Monday, February 17, 2014

What Positions Do Teams Value in the Draft?

Where players are taken in the NFL draft is based not only on their raw skill and potential, but is highly influenced by the perceived value of the position they play as well as the overall supply of players at that position. While quarterback is clearly the most important position on the team, investigating where players at other positions get drafted may provide insights into how NFL teams evaluate the relative importance of those positions. In this post I do a couple of simple analyses of where players get drafted, breaking the data down by position groupings and finding that there are slight variations in where players at different positions can expect to be taken, although more draft data and/or deeper analyses would be necessary to decisively show disparities between the positions.

It's pretty clear that quarterback is the most important position on a football team, and their value is reflected in the draft – in the last decade 13 QBs have been taken in the top five picks. But exactly how much are QBs favored by GMs and coaches come May? And what about the perceived value of other NFL position groups?

This one's fairly easy, as Armchair Analysis lists where each player was drafted as well as what position they play in the same table. I downsampled the data to include only players drafted since 2001 (up to 2011, the last year in the database), because the table contained only partial records before that year. You can find the script I used here.

There is also a limit to the granularity of the positions in the database. For instance, no distinction is made between any of the players on the offensive or defensive lines. This does limit how detailed I can make my analyses, and there may be significant difference in the valuations between positions on the O-line (for instance, a left tackle–protecting a passer's blind side–is likely to be more highly sought-after than a right tackle, although things are never that clear-cut).

I first took a look at the raw data, plotting what fraction of picks go to each position grouping in Figure 1. To improve the signal-to-noise of the data (and just make things easier to visualize) I binned the data in groups of 10 picks.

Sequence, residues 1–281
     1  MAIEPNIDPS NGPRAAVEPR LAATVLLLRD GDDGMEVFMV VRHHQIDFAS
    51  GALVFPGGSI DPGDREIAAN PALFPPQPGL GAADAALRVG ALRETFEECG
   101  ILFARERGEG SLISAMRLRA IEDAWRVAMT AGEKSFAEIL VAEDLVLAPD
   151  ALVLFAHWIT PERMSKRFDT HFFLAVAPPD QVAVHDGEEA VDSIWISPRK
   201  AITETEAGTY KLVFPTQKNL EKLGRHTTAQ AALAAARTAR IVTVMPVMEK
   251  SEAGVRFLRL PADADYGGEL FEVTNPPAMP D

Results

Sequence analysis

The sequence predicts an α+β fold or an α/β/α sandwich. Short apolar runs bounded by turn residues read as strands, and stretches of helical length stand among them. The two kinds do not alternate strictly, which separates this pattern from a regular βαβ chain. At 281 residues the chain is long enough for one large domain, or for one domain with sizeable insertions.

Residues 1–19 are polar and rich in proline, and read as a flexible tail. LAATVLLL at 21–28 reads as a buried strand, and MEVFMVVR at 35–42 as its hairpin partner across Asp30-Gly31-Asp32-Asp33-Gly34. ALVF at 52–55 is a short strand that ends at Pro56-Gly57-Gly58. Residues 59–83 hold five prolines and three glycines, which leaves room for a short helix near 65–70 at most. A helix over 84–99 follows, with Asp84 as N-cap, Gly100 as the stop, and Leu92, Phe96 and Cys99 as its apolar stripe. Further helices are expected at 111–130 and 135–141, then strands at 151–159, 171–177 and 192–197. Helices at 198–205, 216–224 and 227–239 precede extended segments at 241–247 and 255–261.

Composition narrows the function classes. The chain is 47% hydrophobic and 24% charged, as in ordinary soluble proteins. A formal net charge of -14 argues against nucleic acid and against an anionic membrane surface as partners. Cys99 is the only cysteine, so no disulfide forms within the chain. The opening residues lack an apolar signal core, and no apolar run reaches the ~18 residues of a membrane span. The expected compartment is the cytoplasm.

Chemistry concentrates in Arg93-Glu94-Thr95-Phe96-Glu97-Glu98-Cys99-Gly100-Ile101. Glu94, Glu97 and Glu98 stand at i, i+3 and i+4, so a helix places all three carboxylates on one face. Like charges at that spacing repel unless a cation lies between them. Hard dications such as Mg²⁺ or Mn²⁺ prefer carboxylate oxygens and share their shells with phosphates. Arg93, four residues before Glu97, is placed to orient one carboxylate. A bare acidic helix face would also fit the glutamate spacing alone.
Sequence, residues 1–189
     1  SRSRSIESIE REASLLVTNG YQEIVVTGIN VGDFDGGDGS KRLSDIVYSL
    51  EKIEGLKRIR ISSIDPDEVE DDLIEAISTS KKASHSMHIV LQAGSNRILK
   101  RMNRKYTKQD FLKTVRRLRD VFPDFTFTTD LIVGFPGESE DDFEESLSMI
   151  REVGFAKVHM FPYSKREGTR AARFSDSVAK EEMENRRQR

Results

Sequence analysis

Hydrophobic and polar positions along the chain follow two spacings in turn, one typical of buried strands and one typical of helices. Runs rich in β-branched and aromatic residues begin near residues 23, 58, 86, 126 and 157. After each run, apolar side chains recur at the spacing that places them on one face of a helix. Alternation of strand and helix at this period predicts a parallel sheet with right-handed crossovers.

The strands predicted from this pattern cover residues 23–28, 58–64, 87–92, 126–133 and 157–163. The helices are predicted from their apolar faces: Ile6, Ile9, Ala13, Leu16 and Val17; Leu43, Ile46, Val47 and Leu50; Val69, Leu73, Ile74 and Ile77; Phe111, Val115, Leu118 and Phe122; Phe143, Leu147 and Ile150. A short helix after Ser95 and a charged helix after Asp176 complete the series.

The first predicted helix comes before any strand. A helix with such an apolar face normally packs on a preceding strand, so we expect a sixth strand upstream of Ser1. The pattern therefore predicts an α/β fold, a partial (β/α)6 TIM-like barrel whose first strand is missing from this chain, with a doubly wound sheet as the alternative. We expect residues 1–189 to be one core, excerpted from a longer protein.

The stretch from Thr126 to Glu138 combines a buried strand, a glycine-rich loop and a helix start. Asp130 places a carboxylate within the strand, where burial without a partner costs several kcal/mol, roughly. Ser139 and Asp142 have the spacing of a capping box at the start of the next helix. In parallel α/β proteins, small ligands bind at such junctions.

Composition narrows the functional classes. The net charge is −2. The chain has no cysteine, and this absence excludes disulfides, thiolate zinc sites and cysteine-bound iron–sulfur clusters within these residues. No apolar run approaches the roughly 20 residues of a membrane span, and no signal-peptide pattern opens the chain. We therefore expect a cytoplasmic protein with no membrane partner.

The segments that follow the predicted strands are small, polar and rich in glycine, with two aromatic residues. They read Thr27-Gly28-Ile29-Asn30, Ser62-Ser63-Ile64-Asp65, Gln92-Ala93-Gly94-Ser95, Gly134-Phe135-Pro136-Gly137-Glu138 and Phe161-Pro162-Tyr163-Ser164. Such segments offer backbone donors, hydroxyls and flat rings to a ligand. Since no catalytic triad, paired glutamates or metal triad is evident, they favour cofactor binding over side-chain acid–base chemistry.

Figure 1: Percentage of players drafted at each position, as a function of draft position. Kickers added for scale.
While colorful, the stacked nature of this figure makes it somewhat difficult to parse. Figure 2 shows where players of each position get drafted, independent of any other position groups in the sample. While there are still a bunch of overlapping lines, it's now easy to see if and where teams prefer to draft players at each position.
Figure 2: Where players in each position grouping get picked. Most of the positions have flat distributions. The only notable exception to this trend are QBs, which are highly peaked near the first few picks.

What stands out most is the large (and unsurprising) upturn in QB picks in the first bin. Otherwise, however, there don't appear to be any obvious trends. But the eye can deceive, so let's try to be just a bit more rigorous. Toward that end I computed the expectation value for each position. You can get more detail about the expectation value from Wikipedia, but in this case it's basically just the average place players at each position get drafted. You can't make a pretty graph with it, but you can see the results in Table 1.

Table 1: Draft position as a function of player position
Expected Draft Position102±8.1126±5.1117±4.4131±5.8122±4.0114±3.9118±4.2119±3.2164±9.1